ECONOMY

Commission to increase funding share

Brussels is ready to increase its contribution to Greek infrastructure projects to help restart Greece’s struggling economy, a European Commission spokesman said on Friday.

It followed an agreement between Greek Development Minister Michalis Chrysochoidis and Regional Policy Commissioner Johannes Hahn late on Thursday.

The government has requested that the European Union contribution be increased to 85 percent of total costs instead of the current 79 percent.

Chrysochoidis estimated on Thursday that 14 billion euros in EU funds will be released by the end of 2013. However, the Commission spokesman said on Friday that about 7.7 billion euros could be released in the medium term to restart blocked programs.

Greece has spent only a quarter of a 20-billion-euro package provided as part of the EU’s regional aid program.

The funds, part of the bloc?s 2007-13 budget, remain unspent as Greece is currently unable to pay its contribution to projects which the aid is meant to co-finance.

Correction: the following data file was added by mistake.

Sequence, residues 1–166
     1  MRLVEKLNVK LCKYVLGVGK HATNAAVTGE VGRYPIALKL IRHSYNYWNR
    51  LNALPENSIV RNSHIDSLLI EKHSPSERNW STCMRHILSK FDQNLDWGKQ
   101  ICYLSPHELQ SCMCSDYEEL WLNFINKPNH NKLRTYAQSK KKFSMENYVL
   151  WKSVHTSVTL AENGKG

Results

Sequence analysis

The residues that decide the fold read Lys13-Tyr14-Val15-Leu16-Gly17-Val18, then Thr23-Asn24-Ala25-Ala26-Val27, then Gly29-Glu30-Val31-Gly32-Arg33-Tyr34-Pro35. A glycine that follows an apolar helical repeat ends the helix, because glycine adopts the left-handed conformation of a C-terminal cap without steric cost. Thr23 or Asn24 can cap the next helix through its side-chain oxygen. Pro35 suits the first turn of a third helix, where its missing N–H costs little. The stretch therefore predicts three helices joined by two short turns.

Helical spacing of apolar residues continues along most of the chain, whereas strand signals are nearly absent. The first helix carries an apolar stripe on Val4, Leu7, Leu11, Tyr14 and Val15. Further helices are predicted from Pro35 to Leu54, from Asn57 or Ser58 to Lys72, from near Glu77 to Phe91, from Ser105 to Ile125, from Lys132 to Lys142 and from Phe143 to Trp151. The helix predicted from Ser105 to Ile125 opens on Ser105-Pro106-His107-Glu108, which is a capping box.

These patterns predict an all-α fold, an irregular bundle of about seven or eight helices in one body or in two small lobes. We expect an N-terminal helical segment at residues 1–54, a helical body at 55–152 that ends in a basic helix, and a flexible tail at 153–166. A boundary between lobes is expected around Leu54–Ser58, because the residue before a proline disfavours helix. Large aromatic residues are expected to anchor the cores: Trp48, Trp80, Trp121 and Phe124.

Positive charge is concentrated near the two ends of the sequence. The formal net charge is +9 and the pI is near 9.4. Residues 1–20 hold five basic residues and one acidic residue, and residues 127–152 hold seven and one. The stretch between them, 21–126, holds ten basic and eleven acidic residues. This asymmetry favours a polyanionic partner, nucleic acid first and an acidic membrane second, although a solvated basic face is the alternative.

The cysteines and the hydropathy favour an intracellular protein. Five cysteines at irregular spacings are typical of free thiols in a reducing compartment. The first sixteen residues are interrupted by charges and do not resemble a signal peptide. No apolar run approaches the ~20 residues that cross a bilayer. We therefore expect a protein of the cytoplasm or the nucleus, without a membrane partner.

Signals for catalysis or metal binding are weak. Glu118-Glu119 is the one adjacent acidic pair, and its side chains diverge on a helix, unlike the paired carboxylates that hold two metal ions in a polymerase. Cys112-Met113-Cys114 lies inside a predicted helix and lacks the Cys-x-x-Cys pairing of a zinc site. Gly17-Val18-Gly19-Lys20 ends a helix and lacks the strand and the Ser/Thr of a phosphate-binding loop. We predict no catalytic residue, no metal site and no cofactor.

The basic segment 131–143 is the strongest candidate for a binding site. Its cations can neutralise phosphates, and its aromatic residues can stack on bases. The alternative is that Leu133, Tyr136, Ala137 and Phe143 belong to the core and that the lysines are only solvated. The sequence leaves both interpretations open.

The Commission said the increase was possible and that the issue would be dealt with in the coming weeks and months.

The EU did ask however that Greece reduce its bureaucratic costs so that the project funds could reach small and medium-sized companies more efficiently.

Chryschoidis revealed that any projects that has been stalled for more than two years will be taken off the EU support framework. The 500 million euros to come from the cancellation of stalled projects will be used to bolster enterprise liquidity in the 2011-12 period.

“We need to do away with the administrative monstrosity that exists in our country,» said Chrysochoidis.

Brussels also asked that Greece reduce land expropriation costs in order to facilitate five highway projects which are to receive funding.

The Greek minister added that 59 major projects, valued at least 50 million euros apiece, will also be unblocked in the next three months, running up a total budget of 5 billion euros.

New Democracy’s shadow minister for development, Costis Hatzidakis, countered that «there is no reason for triumphalism as the EU contribution remains the same while the government’s share is reduced.”